Thousands of cycling enthusiasts were heading for the hills between Lillehammer and Rena this weekend, for the annual Birkebeinerrittet, a 94.6 kilometer race over the mountains from one valley to the next. Rainy weather threatened to turn it all into another mud bath.
The weather forecast was not good, with more rain after a summer that has sparked the most flooding in decades. Organizers of the Birkebeiner race, a summer version of the traditional ski race that follows roughly the same route in winter, have already been busy shoring up tracks and repairing damage caused by torrential downpours.
More rain was expected on Saturday, when around 18,000 cyclists were registered to take part in the main Birkebeiner race. It sold out in just 53 seconds when registration opened for the popular race. Another 7,000 were due to cycle over the mountains on Friday in what’s called Fredagsbirken, which doesn’t offer the coveted merker that are the equivalent of prizes for performance.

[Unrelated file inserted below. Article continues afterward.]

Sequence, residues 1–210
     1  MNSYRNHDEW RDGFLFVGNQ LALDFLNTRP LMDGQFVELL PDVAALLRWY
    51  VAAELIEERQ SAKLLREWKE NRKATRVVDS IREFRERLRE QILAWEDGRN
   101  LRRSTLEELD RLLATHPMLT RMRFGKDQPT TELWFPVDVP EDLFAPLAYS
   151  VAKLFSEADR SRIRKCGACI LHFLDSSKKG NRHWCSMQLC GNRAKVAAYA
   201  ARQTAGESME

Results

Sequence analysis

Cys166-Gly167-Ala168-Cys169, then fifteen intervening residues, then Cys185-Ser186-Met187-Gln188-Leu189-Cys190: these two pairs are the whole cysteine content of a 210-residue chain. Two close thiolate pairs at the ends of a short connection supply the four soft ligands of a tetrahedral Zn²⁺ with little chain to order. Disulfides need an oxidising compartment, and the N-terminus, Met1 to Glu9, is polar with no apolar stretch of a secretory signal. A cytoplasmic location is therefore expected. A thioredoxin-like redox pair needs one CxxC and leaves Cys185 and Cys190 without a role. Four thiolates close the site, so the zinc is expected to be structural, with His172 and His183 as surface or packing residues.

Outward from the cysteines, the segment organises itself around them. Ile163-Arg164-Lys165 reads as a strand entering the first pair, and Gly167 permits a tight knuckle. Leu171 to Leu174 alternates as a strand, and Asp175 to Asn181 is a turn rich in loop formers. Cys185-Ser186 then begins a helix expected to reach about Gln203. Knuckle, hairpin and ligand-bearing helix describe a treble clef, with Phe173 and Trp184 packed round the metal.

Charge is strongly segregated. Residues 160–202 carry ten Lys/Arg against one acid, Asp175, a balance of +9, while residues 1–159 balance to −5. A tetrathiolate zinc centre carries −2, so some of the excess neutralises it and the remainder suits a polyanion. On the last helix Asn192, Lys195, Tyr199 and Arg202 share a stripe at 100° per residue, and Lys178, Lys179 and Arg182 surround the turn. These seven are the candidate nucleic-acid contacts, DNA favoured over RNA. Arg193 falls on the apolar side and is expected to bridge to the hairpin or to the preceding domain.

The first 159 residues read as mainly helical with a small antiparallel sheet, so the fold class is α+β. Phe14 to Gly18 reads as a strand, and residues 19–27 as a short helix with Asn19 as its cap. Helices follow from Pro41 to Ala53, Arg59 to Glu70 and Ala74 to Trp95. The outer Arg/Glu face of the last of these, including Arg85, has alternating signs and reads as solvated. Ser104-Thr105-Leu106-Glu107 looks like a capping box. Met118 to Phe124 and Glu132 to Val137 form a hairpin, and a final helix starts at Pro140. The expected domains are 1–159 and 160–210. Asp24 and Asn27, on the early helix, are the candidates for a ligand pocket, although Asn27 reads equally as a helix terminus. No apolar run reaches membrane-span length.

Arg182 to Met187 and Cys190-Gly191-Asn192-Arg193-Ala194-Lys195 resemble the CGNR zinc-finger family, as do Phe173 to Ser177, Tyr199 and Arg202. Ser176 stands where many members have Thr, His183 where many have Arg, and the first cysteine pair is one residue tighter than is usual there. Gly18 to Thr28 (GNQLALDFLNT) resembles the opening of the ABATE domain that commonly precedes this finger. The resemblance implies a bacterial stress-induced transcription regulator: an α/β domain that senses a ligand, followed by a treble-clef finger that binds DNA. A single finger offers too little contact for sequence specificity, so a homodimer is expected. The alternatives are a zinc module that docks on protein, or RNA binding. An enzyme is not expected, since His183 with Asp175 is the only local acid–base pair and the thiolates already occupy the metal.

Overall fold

There are many reasons why so many people invest in cycling equipment, pay the fees and put up with often poor weather and logistical challenges to cycle nearly 60 American miles on a tough course: Competitive instinct, warding off a mid-life crisis, testing one’s endurance and strength. Surveys show that 80 percent used the race as a goal in their personal exercise programs, while 25 percent wanted to win the various levels of awards offered in the race. Around 13 percent participated as part of their jobs, often in groups made up of colleagues.
The race ended in illness for thousands of participants two years ago, when heavy rain and lots of mud meant that many riders ingested muck along the way that apparently contained bacterial remnants of grazing livestock. That resulted in diarrhea and vomiting for many.
But still the race is booked solid year after year, despite calamity and poor weather. Asked whether there were any plans to move the race to earlier in the summer, when the weather might be better, organizers said “maybe,” but noted that it was easier to assemble the necessary volunteers needed after Norway’s traditional summer holiday season was over.
“But I’m beginning to think we’re very unlucky,” Tone Lien, head of Birkebeinerrittet AS, told newspaper Aftenposten. “I think most have been training in rainy weather, though. So there’s relatively few who show up unprepared.”
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